CAIRO (Reuters) - Egypt’s parliament overwhelmingly rejected the army-appointed cabinet’s plan to cut state spending on Tuesday, complicating the government’s efforts to secure IMF help to fight a balance of payments crisis.
The International Monetary Fund (IMF) wants the backing of Egyptian political forces for the government’s economic reform plan before it signs off on an emergency loan. Egypt has been hamstrung with economic troubles since a popular uprising in January last year.
Prime Minister Kamal al-Ganzouri’s government presented the Islamist-dominated parliament with the plan on February 26 and it has been discussed over ten sessions.
Only six out of 365 lawmakers who cast their votes approved of the plan, which was criticized as vague and incoherent. Some said the program failed to improve public security, reduce poverty or provide the revenue to raise wages.
Assembly speaker Saad al-Katatni said the “government must submit its resignation to the head of state”.
The rejection is a fresh setback in the government’s efforts to unlock the $3.2 billion IMF loan, which it requested earlier this year, and shore up an economy laid low by 18 months of political turmoil.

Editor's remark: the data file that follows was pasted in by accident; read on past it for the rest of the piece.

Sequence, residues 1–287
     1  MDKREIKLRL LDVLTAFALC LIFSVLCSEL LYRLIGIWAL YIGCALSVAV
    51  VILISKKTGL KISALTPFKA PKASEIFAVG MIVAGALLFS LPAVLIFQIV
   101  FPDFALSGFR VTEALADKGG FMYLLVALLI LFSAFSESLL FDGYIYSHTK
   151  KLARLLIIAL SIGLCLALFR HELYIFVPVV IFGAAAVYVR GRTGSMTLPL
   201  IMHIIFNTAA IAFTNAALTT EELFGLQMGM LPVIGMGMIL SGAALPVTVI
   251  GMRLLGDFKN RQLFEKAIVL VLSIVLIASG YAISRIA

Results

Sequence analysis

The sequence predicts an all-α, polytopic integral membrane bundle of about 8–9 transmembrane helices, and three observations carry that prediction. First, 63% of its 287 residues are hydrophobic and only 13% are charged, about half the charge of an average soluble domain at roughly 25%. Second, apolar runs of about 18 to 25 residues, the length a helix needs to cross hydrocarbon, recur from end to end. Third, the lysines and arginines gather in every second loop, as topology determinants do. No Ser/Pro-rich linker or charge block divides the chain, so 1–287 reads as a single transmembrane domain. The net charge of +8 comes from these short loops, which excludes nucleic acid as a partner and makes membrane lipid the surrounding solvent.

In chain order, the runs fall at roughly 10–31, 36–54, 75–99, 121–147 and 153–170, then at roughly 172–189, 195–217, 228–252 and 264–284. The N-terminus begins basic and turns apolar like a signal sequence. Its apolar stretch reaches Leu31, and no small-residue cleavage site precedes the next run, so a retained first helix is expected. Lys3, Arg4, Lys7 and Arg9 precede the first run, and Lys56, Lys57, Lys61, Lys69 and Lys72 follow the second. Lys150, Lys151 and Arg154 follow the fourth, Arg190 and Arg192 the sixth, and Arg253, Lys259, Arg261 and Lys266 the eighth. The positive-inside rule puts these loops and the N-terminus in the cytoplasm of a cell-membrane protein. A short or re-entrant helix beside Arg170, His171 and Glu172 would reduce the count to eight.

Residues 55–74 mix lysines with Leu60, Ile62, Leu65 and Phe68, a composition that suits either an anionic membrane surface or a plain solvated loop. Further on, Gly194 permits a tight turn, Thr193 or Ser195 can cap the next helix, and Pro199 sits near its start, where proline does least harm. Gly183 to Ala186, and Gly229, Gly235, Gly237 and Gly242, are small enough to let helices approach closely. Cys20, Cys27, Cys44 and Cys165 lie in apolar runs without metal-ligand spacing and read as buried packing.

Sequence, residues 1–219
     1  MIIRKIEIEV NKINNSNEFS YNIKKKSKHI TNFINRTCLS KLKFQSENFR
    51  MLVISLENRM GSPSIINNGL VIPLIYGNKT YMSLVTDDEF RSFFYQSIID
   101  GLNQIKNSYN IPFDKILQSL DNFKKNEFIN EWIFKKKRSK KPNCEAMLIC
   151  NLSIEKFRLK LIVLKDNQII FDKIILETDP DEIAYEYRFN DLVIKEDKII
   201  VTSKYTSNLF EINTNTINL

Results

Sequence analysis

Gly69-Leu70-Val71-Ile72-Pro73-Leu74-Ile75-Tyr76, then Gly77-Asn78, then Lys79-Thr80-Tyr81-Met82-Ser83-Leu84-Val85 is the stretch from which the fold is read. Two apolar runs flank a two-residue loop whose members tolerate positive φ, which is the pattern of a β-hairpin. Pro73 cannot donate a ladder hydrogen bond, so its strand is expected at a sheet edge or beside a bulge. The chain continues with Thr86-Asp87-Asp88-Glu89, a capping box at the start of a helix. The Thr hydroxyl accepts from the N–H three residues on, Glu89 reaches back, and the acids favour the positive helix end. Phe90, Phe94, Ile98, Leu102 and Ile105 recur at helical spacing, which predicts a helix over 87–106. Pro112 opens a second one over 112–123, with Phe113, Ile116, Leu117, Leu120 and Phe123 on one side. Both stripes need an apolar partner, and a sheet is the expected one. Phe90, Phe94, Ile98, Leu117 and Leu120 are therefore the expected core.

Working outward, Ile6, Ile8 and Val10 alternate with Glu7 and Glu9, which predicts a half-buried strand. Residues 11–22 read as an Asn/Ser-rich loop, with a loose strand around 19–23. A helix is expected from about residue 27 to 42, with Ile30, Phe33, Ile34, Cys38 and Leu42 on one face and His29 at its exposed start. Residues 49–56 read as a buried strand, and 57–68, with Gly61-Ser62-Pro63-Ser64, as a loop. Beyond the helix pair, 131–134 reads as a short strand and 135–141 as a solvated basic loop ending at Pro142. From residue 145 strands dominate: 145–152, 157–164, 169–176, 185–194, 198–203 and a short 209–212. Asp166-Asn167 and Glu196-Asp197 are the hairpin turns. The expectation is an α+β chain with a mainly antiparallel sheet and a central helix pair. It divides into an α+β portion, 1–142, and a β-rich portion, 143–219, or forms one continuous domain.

The government is expected to step aside by the end of June after a presidential election. The Muslim Brotherhood is demanding an important role in the next government and has fielded a candidate for head of state.
Finance Minister Mumtaz al-Seaad said this week he expected the first loan installments to arrive in May and the government had told the IMF it had political backing for the loan.
But an IMF statement on Tuesday provided little evidence of significant progress.
“The IMF remains ready to support a home-grown program that maintains macroeconomic stability and promotes inclusive growth, enjoys the necessary broad political support and includes adequate external financing from Egypt’s international partners,” the statement said.
“We look forward to advancing these discussions and to bringing a program for consideration by the IMF Executive Board as soon as the above conditions are in place,” it added.
Reporting by Ahmed Tolba; Writing by Marwa Awad; Editing by Tom Pfeiffer, Ron Askew